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Don’t throw caution to the wind

Taking a statistical approach to wind turbine O&M

Operation and maintenance (O&M) costs represent a large portion of expenditure for wind farm operators. Failure to implement an effective strategy may result in increased costs or machinery failure. For this reason, it is important to take a statistical approach.

O&M costs are an unavoidable but expensive necessity for wind farm operators. And without opting for a solid predictive maintenance plan, operators may not be able to identify machinery faults that might lead to huge problems down the line. However, statistics offer key insights into wind turbine performance and could potentially provide the industry with information that could reduce costs by millions in the future.

Approximately 75% of onshore wind turbines have been in operation for less than ten years. These relatively new machines have potentially many years of use ahead of them and will inevitably experience wear. As the components age, they will ultimately deteriorate and therefore require maintenance. This could be especially problematic if that occurs outside of the warranty period.

Condition monitoring as important as ever

Condition monitoring goes a long way toward providing operators with a picture of machine health and is crucial in modern turbines. It presents important information relating to a machine’s condition and functionality. Analysis and communication of the relevant data make it possible to plan maintenance in advance. But what factors should be assessed for a comprehensive understanding of wind turbine health?

Vibration data shows condition of core components

Vibration data provides incredibly valuable information on wind turbine health. Statistics relating to main components, such as the generator, gearbox, main shaft, and rotor bearings are recorded by acceleration sensors. When conditions fluctuate to undesired levels, alerts can be triggered to notify operators of potential issues. Parameters can be set by an engineer so that alerts are only triggered when necessary.

Furthermore, wind turbines generate incredible volumes of data. An average geared wind turbine will contain roughly eight sensors producing around three measurements each: 24 indicators in total. Over a year, this equates to approximately 9,000 values to analyze per day from a single turbine alone. Without employing statistical modelling, it is practically impossible to make sense of the results.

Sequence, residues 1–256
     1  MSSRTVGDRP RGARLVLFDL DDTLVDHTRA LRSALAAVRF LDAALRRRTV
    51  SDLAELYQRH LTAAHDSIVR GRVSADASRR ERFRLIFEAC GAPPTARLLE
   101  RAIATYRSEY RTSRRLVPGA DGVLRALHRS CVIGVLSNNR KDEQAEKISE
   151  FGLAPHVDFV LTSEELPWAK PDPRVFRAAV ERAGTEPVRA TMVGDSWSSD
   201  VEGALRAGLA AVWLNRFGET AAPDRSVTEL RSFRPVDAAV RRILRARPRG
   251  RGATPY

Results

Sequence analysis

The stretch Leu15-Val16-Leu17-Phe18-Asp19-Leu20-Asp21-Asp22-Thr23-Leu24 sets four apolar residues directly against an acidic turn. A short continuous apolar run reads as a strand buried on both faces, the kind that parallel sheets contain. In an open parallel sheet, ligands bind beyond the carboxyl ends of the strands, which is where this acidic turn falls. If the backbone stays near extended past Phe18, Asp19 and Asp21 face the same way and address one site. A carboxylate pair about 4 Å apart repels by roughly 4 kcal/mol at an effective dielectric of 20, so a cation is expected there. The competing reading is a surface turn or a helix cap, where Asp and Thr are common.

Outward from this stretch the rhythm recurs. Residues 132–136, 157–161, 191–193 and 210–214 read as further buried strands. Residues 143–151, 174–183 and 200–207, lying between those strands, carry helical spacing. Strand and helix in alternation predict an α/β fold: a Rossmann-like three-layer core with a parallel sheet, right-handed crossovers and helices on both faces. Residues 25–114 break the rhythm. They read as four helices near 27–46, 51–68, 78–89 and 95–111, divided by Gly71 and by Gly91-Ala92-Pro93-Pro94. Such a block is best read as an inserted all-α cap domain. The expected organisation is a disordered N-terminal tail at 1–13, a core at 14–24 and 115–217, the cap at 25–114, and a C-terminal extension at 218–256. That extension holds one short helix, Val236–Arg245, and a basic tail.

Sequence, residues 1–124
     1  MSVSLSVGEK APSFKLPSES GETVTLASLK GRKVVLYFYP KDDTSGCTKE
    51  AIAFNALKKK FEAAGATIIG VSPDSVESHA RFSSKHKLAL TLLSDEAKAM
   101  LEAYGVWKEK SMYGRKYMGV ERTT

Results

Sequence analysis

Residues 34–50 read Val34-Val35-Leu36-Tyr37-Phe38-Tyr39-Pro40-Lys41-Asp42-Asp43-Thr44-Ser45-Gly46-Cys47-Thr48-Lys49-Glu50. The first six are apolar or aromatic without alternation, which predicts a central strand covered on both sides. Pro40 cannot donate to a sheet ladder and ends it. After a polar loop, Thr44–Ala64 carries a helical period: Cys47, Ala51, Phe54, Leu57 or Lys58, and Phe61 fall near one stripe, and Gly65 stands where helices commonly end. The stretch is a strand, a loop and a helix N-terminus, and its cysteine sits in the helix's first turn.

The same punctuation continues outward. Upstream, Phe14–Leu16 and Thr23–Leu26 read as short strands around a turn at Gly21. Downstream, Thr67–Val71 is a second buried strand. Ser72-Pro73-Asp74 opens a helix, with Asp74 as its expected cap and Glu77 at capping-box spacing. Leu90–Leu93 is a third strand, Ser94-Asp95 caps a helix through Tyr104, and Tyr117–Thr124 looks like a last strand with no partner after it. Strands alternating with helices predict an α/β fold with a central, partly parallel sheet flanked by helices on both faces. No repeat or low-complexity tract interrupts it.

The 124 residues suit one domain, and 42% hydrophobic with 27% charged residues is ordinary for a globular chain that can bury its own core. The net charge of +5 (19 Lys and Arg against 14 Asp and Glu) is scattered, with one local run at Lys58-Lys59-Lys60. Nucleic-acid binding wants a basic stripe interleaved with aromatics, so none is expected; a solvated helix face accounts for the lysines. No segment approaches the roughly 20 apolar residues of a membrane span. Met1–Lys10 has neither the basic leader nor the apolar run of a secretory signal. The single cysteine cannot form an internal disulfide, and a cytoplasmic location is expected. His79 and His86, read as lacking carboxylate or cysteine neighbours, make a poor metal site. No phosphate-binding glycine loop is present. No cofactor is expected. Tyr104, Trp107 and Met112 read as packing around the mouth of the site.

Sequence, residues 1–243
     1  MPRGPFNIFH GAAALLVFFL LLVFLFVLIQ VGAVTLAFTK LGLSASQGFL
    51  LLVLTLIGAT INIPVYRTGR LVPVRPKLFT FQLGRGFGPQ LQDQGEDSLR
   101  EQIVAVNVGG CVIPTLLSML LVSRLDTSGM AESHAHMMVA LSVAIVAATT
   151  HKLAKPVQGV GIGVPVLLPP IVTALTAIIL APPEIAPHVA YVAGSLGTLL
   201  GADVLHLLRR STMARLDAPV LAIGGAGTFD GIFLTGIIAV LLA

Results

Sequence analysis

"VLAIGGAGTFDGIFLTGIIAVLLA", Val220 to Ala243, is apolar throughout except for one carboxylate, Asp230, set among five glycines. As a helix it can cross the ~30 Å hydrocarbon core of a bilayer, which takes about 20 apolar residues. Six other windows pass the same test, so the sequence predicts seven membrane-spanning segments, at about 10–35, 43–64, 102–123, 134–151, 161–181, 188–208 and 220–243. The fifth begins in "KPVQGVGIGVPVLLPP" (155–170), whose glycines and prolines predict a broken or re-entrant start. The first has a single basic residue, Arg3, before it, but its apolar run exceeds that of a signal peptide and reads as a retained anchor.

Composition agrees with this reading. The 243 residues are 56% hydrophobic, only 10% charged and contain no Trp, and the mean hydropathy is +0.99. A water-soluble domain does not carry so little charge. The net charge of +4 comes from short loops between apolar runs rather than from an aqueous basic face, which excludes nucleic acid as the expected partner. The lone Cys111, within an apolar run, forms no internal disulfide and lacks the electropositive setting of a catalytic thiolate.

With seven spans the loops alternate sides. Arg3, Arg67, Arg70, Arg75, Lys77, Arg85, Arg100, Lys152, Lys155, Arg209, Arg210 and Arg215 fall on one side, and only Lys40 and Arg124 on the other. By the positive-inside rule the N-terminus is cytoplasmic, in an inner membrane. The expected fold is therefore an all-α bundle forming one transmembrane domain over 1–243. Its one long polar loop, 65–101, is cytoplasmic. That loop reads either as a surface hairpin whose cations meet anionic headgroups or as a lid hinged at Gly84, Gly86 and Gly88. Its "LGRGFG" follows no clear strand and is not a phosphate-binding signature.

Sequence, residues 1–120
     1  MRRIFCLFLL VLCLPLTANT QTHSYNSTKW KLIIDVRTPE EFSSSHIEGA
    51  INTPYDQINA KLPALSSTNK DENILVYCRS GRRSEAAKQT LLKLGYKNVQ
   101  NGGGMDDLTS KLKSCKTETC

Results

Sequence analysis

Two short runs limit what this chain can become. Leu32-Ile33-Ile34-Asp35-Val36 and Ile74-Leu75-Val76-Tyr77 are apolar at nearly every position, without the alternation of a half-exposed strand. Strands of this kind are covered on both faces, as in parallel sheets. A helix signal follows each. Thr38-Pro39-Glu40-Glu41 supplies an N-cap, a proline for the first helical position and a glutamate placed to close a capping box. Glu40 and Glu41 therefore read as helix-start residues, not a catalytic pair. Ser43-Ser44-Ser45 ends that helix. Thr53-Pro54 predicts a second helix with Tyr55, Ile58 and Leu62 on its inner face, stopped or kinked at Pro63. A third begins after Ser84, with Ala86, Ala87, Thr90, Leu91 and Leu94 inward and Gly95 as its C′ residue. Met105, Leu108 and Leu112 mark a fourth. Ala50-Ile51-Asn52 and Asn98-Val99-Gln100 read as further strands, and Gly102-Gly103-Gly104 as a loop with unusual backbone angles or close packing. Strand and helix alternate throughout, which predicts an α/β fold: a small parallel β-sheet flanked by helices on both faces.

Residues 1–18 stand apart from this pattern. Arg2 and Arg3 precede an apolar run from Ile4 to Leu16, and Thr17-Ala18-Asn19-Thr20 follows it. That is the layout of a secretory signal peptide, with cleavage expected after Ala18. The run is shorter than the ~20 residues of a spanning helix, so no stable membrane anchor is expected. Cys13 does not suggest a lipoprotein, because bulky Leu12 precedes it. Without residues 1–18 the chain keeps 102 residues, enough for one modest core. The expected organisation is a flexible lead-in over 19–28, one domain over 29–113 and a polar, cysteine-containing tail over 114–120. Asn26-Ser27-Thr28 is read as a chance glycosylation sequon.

Historical data displays clear patterns

In order to make practical use of the data, operators must check which factors are comparable from one turbine to another. By sifting through information collected over many years, the wind power industry can determine clear patterns on machine functionality – providing background information for any new turbine that is installed.

And as the pool of information on wind turbine functionality increases over time, so too will the ability to use this data to better understand machine health and performance patterns. In some cases, there are even records spanning the whole lifecycle of a turbine – potentially going back to when it was first installed.

Statistics compliment traditional diagnostics

Using this statistical approach can enhance the capabilities of traditional diagnostics by drawing attention to potential issues more quickly – enabling engineers to efficiently identify which turbine in a wind farm needs further analysis. And this technique is being further developed in order to provide more accurate insights into how to reduce O&M costs. By capturing more and more data, the pool of knowledge and understanding of functionality increases.

Efficiency is vital for reducing costs

Overall, the development of statistical analysis for wind turbine O&M will offer many benefits to wind farm operators in years to come. Notifications to issues are likely to become more precise, only alerting to factors that will have a detrimental effect on machinery. Every last bit of efficiency is vital in taking O&M to the next level by reducing costs and enabling wind farm operators to make their maintenance programs more effective.

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